Page last updated at 23:02 GMT, Friday, 25 September 2009 00:02 UK

'The diagnosis that affected us all'

By Jane Elliott
Health reporter, BBC News

Emma Evans and Tracey Finn-Evans
Emma and her mother

Doctors at first thought the tiny lump in Emma Evans' neck was merely swollen glands.

Within months however they had the shocking diagnosis that not only had Emma got a potentially serious illness of the nervous system, but that at least four other members of her close family also had the same condition, neurofibromatosis.

Neurofibromatosis 1 (NF1) occurs in one in 2,500 births and mainly affects the nervous system and the skin.

The hallmark is the development of neurofibroma - benign tumours that form on nerve coverings on or under the skin.

But the condition is unpredictable and as yet incurable. It can range from unusual skin pigmentation, or cafe au lait spots to serious and disfiguring tumours, which can sometimes turn malignant.

Devastating news

"When we first got the diagnosis it was like a bombshell and we were devastated," said Tracey, from Surrey.

"After speaking with the doctors it became clear both myself and my son also have mild forms of the condition.

"I had always presumed the light brown birth marks on my skin, which are characteristic of NF1, were just freckles.

The incidence is about the same as cystic fibrosis, but no one knows about it
Dr Rosalie Ferner

"It was all from Emma being diagnosed."

Tracey later discovered that her mother and sister also had mild forms of NF1.

"When I was young my mum had a few lumps removed, basically because she was irritated by their appearance, it was cosmetic mainly - but these tumours can turn nasty."

Better known

The condition is not well known, but consultant neurologist Dr Rosalie Ferner, says it perhaps should be.

"The incidence is about the same as cystic fibrosis, but no one knows about it."

Joseph Merrick:Pic caption:US National Library of Medicine/SPL
The Elephant man was wrongly thought to have NF1

It is not just among the public that NF1 is a mystery. Dr Ferner said many non-specialist medics were also unclear about the condition and its effects.

Now two hospitals - Guy's and St Thomas' London, where Dr Ferner works and the Central Manchester University Hospitals NHS Foundation Trust have been made centres of excellence for the condition, in a bid to improve diagnosis, treatment and knowledge.

It will mean specialist doctors, ophthalmologists, nurses, psychiatrists and paediatricians being together under the same roof.

The complications of NF1 can be wide ranging and involve many of the body systems.

They include benign and malignant tumours, speech problems, abnormalities of bone, learning difficulties and high blood pressure.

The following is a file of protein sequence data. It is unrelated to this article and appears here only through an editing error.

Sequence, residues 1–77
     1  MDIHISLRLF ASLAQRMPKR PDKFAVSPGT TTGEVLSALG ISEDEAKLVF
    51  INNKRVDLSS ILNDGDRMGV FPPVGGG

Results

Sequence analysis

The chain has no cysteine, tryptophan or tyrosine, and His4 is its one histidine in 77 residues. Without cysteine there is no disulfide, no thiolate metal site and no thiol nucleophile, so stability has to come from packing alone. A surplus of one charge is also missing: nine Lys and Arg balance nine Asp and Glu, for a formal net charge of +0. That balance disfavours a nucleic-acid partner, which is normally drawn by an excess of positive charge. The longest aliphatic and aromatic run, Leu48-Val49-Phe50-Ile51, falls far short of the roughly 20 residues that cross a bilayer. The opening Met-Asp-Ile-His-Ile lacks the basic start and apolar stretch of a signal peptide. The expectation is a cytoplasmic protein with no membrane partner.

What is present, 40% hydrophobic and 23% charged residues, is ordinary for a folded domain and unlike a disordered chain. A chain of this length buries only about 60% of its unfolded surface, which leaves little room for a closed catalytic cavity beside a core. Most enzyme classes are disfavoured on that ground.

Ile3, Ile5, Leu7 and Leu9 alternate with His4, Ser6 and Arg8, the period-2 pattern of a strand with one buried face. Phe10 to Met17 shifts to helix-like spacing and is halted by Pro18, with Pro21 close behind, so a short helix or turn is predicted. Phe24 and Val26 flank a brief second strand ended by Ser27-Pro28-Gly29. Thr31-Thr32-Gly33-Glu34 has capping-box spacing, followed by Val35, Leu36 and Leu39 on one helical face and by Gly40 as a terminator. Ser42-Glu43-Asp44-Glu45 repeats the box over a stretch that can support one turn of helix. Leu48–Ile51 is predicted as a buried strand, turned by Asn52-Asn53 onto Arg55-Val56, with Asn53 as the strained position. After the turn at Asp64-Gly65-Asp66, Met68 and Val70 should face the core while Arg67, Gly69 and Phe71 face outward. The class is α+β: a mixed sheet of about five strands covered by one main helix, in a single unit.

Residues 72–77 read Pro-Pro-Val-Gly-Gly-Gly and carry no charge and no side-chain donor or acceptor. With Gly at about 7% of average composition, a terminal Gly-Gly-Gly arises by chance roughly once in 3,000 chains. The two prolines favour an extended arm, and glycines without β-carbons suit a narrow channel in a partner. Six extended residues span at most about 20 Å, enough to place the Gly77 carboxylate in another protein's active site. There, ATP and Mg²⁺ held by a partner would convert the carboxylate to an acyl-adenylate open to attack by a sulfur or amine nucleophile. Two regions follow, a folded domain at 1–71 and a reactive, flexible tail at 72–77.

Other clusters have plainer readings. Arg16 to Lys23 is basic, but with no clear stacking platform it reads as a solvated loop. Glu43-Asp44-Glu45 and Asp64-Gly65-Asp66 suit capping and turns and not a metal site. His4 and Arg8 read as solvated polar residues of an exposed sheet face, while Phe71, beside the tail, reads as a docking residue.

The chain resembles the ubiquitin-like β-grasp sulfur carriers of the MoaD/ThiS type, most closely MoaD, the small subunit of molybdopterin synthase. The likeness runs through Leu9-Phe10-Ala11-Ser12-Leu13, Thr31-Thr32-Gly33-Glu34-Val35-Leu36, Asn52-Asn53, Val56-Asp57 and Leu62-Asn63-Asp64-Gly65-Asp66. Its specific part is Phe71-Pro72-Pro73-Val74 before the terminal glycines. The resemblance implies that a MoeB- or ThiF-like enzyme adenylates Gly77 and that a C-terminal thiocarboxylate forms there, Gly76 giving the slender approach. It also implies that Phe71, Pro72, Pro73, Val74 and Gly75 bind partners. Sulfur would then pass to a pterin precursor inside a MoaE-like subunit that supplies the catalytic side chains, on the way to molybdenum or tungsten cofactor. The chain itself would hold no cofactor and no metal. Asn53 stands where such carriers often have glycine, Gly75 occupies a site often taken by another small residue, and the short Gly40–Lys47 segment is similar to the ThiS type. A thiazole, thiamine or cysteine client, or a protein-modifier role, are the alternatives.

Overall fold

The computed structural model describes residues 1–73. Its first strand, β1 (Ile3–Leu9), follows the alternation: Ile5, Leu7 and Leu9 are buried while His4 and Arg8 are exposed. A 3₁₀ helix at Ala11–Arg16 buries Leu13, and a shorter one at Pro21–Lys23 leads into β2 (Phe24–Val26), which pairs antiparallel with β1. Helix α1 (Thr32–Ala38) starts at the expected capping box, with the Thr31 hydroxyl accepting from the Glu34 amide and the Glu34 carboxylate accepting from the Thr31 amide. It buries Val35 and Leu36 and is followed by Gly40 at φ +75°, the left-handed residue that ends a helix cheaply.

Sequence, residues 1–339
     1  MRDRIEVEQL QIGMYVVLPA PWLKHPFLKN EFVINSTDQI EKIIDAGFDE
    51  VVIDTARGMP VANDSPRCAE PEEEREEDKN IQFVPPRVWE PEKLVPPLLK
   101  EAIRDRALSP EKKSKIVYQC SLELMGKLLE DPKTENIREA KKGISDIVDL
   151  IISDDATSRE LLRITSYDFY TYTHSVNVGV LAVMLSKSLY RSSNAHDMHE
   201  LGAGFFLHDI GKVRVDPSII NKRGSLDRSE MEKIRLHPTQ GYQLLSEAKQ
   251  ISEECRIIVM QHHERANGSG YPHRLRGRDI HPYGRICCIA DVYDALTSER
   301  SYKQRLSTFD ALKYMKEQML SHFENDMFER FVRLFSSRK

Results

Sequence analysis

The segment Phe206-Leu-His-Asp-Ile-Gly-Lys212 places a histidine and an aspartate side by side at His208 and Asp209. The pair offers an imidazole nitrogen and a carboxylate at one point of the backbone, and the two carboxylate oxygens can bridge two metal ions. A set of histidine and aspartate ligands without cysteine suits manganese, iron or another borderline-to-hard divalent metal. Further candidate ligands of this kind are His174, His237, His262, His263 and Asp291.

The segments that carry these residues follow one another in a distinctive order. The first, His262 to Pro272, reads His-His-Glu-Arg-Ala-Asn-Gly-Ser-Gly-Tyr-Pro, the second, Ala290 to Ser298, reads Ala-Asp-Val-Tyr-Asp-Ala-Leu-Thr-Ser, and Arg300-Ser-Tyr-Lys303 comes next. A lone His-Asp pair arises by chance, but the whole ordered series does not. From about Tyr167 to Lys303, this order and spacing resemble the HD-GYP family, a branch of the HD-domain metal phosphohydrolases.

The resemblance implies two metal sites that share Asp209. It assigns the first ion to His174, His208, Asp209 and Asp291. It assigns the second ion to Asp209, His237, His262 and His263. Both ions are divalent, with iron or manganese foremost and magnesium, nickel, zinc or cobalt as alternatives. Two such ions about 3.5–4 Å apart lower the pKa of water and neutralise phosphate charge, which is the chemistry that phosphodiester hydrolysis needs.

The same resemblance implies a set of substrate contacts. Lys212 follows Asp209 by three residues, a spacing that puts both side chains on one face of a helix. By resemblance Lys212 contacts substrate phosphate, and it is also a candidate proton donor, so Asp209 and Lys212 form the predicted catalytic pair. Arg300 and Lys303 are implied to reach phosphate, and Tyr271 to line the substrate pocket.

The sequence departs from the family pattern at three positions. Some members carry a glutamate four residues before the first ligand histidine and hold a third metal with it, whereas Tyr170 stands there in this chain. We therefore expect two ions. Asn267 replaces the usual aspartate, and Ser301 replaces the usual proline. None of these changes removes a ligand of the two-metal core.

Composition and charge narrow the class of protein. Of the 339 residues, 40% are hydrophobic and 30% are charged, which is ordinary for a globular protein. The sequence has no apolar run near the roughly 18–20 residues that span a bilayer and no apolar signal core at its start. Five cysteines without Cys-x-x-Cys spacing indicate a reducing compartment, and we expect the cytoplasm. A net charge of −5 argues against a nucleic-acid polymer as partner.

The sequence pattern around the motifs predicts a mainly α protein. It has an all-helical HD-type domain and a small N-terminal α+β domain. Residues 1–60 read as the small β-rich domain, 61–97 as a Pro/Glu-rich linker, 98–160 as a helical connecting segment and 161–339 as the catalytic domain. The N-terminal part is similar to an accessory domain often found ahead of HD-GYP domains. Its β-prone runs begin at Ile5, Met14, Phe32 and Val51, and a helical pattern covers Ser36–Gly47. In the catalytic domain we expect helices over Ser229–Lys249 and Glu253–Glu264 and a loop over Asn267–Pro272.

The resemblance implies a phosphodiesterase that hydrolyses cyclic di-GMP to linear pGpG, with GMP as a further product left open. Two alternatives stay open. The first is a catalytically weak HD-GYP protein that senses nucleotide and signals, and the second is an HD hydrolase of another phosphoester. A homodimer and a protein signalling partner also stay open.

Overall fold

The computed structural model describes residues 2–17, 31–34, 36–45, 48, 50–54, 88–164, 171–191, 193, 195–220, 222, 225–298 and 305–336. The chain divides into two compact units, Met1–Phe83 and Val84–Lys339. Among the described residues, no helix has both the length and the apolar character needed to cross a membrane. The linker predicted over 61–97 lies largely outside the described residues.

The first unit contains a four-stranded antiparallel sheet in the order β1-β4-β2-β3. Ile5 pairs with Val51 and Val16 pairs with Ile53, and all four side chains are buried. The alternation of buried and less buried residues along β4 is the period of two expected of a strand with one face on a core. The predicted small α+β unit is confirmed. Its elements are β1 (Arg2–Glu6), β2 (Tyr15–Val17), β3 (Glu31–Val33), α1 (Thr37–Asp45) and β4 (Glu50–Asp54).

NF1 occurs in 1 in 2,500 births
The complications of NFI include benign and malignant tumours
The Elephant Man was wrongly thought to have NF1

Some problems associated with NF1 are complex, rare, difficult to diagnose and treat and can be life-threatening.

Until recently it was wrongly assumed that the Elephant Man Joseph Merrick suffered from neurofibromatosis.

An imaging study, however, showed his problems were due to tissue and bone overgrowth due to a rare condition called Proteus Syndrome.

Dr Ferner said: "NF1 is a genetic condition and sufferers can get benign and malignant tumours which makes it distressing.

"Also if you have a condition with multiple lumps it makes it difficult to decide which might be a problem.

"Even if they are benign they can be a problem from a cosmetic point of view - people get stared at in the street and bullied.

"The condition is very variable which means that if you have a member of the family who has it very badly it does not automatically mean that if you inherit it - and you have a one in two chance - that yours will be as severe.

"But living with unpredictably is a major problem and you never know what problem you are going to get because it can affect the brain, or the heart, the spine, the peripheral nerves or the bones."

When to operate

Emma's neck lump is thought to be benign, but Dr Ferner said the positioning on her neck made it worrying.

"As Emma gets older the tumour grows with her. It is in a position that might affect the nerves for swallowing and breathing passages.

"As we think it is benign we have to weigh up leaving it or deciding the right time and balancing the problems of surgery with an active young lady having problems swallowing and breathing. It is a fine balance."

Her mother agreed: "It is a real 'Catch 22', as they don't want it to affect her speech or nerves.

"Dr Ferner said they would not operate until it was life-threatening."

Each year Emma, now aged 12, goes for an MRI scan (Magnetic Resonance Imaging) to check how much the lump has grown.

She also needs regular ophthalmology appointment to check for tumours behind the eye.

"The lump has not affected Emma and she is happy and giggly," said Tracey.

"It measures 6cm by 3-4cm - but it is growing.

"It usually grows at a steady pace. If you get pins or needles, sudden numbness, movement or bladder problems you need to go to the doctor because they indicate problems."

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